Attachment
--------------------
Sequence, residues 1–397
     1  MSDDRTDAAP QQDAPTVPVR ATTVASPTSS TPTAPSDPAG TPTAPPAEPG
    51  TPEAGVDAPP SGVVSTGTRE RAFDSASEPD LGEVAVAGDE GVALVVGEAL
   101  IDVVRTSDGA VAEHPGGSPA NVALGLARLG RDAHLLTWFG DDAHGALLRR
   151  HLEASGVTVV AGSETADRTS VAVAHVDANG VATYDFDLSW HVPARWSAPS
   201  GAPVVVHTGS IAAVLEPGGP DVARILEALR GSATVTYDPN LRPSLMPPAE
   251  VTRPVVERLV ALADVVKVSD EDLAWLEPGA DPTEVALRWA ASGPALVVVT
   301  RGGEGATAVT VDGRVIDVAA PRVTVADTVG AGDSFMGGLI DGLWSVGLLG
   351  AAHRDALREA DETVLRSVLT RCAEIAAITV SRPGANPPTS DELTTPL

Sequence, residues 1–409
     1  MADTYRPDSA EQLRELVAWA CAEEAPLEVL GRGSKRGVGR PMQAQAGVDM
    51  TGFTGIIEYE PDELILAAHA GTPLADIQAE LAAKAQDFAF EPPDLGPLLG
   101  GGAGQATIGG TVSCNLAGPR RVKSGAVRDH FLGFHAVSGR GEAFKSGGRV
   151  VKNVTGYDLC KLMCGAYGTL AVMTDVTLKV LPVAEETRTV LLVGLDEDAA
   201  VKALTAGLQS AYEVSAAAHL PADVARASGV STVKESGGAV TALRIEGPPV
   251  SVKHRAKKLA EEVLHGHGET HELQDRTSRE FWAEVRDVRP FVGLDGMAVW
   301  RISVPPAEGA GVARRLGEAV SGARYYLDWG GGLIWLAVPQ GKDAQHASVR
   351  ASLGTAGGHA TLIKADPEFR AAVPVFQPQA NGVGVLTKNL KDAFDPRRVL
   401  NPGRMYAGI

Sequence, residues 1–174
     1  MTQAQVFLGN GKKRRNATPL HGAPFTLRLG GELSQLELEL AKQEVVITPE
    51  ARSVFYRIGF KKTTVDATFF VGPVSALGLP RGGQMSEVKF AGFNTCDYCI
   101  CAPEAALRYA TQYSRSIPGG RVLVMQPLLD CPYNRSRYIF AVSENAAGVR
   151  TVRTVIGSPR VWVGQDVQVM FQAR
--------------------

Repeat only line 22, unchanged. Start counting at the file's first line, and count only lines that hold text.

    51  ARSVFYRIGF KKTTVDATFF VGPVSALGLP RGGQMSEVKF AGFNTCDYCI